Risa Goluboff’s Vagrant Nation tells the story of the legal challenges to vagrancy law from 1949 to 1972 and about a dynamic era of constitutional change. It features the bottom-up stories of soapbox orators, African Americans, civil rights activists, prostitutes, homosexuals, poor people, hippies, antiwar protesters, and other nonconformists who did not meet society’s definitions of respectability and morality. At the same time, it captures the equally heroic stories of the lawyers and Supreme Court justices who helped decriminalize vagrancy law. This lively narrative combines brilliant writing, exhaustive research, and in-depth analysis. It is not just a story about vagrancy; it reveals an overlooked aspect of America’s civil rights revolution during “the long 1960s.” Vagrant Nation exemplifies how legal historians can combine social history and constitutional history, and it makes a major contribution to legal scholarship about civil rights and civil liberties.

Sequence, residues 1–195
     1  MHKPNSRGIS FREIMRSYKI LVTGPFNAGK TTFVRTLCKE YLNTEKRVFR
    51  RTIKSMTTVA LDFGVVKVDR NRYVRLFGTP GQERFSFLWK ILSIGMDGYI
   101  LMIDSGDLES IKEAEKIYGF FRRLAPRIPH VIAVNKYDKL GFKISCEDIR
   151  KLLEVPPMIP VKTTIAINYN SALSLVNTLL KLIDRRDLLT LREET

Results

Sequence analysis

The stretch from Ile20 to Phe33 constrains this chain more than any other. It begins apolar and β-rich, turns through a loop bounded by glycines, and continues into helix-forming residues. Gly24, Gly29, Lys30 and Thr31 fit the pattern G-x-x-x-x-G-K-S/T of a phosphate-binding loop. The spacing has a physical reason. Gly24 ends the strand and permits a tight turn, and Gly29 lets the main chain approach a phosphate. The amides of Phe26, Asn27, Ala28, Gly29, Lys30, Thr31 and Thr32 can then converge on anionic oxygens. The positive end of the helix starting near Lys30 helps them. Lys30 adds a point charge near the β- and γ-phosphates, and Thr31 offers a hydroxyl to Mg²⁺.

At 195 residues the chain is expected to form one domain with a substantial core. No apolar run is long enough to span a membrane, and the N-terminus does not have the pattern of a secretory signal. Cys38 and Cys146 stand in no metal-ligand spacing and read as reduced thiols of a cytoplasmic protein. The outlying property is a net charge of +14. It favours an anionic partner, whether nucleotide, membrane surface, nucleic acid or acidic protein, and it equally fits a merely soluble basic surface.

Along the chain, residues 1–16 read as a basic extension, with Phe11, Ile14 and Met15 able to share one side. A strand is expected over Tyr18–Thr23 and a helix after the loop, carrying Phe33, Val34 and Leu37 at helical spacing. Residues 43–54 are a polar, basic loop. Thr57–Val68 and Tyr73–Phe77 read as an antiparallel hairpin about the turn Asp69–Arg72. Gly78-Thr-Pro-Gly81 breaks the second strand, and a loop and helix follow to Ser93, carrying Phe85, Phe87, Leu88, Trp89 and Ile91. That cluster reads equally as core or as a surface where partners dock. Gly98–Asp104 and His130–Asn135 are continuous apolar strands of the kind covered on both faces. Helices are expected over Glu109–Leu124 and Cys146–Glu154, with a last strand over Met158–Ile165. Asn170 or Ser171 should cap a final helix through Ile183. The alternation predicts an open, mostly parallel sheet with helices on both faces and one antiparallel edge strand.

Wednesday, November 1, 2017
Goluboff's "Vagrant Nation" Wins Reid Prize
Here’s some more news from the recent ASLH meeting. The John Phillip Reid Book Award went to Risa Goluboff, UVA Law, for Vagrant Nation: Police Power, Constitutional Change, and the Making of the 1960s (New York: Oxford University Press, 2016). The selection committee, chaired by Brad Snyder and including Stuart Banner, Susan Carle, Laura Edwards, and Christian McMillen, prepared the following citation:.